Reply
  14. tazman42
    tazman42 says:

    American Catholics have been brainwashed into believing that they are the ONLY Catholics/ Church. The reality is that they are just a rite, or a cult. Explore your History without a Roman Bias.Investigate the Old Catholic Church, the first group to deny Romes right to be Political and authoritarian before the 1st. Vatican Council. The Problems we have today, are the same as then. Power and Control and their abandonment of the Gospel Message of Jesus. Don’t throw out the baby with the Bathwater; and don’t let them intimidate you as they try to overthrow Our Democracy and human rights.

    Reply
    • duckman44625
      duckman44625 says:

      I can only say “Amen” Brother. Familiar with the Old Catholic Church – one parish in Reading, Pa. (250 miles away). Unfortunately, where I live there is none but I do attend “All Saints Church” in Syracuse, NY whose pastor is open to all – but he is restrained from serving fully all (gay marriages) since the overlord Bishop would defrock him. He walks a very thin line but gets the message of equality out despite this. Namsaste

      Reply
  15. Richard Novak
    Richard Novak says:

    What a tremendous and inspiring series of postings and replies! I have trouble deciding where to step in, so I’ll just leave a generic reply that I hope touches on all the perceptive, moving – and very prophetic – comments that precede mine.

    I fully resonate with nearly all the preceding stories, observations and practical strategies for dealing with this continuing divisiveness and exclusion that seems to be increasingly characterizing pronouncements and action by the RC hierarchy (collectively and individually) and by many ultra-Traditionalist Catholic laity – on LGBT issues and many other relational, reproductive and social justice / environmental issues. Like many respondents, I, too, have come to accept that the reality of Christ’s church is not the exclusive preserve of the institutional RC church. During my early faith-formative (in the pre-Vatican 2 church), for which I’m truly grateful, I automatically bought into the “triumphalist Catholicism” that was the “menu du jour” for nearly all of us. As Vatican 2 unfolded and began its implementation in the mid-60s, I experienced a major conversion in how I saw the church and its mission in the contemporary world – and in the need for the church’s ongoing reform to better reinterpret and apply the full Gospel message today.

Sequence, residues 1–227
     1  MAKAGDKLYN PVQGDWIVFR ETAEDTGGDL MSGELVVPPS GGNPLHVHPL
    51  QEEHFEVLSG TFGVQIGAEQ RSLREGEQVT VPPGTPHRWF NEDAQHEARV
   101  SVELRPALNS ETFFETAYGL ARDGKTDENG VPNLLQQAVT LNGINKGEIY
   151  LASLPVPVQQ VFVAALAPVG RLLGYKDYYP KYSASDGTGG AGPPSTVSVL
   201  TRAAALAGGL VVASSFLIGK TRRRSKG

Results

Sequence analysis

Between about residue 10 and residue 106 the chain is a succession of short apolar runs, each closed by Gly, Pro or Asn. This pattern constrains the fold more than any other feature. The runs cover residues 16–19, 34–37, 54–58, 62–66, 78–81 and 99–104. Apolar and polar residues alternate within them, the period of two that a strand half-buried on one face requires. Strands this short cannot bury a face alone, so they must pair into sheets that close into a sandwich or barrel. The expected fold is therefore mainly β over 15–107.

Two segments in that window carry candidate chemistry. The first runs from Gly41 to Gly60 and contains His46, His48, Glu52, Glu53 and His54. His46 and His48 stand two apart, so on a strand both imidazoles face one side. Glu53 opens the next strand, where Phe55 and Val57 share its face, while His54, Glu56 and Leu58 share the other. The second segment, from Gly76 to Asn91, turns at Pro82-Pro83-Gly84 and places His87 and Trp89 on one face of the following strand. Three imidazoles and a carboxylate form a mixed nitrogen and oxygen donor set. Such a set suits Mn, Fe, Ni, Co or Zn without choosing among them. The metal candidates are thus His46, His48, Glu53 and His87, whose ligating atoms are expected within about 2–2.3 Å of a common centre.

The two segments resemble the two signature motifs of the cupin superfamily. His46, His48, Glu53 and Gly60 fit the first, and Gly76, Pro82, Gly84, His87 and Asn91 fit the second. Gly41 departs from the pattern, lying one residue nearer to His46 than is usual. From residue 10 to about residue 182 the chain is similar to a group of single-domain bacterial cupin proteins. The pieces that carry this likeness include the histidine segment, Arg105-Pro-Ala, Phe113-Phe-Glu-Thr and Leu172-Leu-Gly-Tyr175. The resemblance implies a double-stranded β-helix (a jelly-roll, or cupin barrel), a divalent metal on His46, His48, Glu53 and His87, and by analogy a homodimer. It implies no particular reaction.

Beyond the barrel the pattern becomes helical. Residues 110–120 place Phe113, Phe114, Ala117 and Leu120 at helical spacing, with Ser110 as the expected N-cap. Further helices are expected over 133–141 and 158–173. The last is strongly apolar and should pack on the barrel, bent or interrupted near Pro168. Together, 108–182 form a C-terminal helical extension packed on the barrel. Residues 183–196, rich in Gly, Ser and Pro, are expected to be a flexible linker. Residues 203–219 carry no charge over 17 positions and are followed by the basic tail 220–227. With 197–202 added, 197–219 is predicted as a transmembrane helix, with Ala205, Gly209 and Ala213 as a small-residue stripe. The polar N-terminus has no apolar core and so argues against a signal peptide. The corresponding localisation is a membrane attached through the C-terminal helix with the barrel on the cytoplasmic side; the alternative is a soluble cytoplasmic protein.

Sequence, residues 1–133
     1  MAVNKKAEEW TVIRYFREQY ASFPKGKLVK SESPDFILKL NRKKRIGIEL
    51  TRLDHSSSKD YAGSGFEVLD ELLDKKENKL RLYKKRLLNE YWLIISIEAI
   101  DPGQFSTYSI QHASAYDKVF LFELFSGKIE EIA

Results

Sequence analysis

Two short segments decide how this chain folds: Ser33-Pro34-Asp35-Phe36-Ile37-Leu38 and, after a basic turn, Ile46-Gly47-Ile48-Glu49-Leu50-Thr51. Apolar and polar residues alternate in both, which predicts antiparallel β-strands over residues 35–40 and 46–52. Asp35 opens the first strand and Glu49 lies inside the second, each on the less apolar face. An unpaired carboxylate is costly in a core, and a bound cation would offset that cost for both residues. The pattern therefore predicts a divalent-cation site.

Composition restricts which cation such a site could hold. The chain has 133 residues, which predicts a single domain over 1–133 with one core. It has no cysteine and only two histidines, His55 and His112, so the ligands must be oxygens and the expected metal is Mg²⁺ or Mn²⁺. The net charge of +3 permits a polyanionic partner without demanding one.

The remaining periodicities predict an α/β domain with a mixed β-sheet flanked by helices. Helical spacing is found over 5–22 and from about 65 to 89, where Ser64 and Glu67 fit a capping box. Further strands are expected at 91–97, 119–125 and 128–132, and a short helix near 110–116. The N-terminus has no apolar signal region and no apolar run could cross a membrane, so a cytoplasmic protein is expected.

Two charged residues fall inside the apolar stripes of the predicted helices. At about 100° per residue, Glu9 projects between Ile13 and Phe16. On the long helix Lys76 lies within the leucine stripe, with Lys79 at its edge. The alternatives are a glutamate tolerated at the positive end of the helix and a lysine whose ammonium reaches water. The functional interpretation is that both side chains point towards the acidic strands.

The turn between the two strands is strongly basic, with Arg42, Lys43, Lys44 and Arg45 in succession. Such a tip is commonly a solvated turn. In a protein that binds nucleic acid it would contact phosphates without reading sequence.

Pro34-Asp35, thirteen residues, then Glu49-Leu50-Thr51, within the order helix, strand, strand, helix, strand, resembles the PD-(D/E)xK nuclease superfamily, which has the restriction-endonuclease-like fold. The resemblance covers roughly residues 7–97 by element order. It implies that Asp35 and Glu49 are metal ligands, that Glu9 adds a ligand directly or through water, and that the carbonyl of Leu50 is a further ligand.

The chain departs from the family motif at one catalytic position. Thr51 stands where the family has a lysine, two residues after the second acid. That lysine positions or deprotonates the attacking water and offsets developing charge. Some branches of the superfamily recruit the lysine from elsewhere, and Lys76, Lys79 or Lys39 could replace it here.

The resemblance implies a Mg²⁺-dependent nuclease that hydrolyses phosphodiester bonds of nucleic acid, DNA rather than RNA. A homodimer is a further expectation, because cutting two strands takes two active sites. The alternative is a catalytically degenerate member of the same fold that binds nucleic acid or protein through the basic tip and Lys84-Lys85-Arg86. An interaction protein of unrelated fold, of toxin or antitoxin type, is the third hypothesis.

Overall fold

I’m very distressed by the inability (or unwillingness?) of much of the hierarchy (in recent decades) to continue enthusiastically embracing Vatican 2’s many reforms – as was the case in the decade following its final session. So we find that church structures that enabled the abuse crisis still largely untouched. Women are still regarded as unequal to men regarding full ministerial participation – as evidenced by fierce opposition to women’s ordination and especially by the “parent-child” micromanagement of vowed women religious (e.g., the oversight of the LCWR). Sexuality (and reproductive) teachings officially remain grounded in “medieval” philosophical and scientific paradigms — as are the teachings on marriage, divorce – and now – marriage (or civil union) equality. Liturgy renewal and enculturation has been “high-jacked” by recentralizing decisions at the highest levels (bypassing regional bishops’ conferences).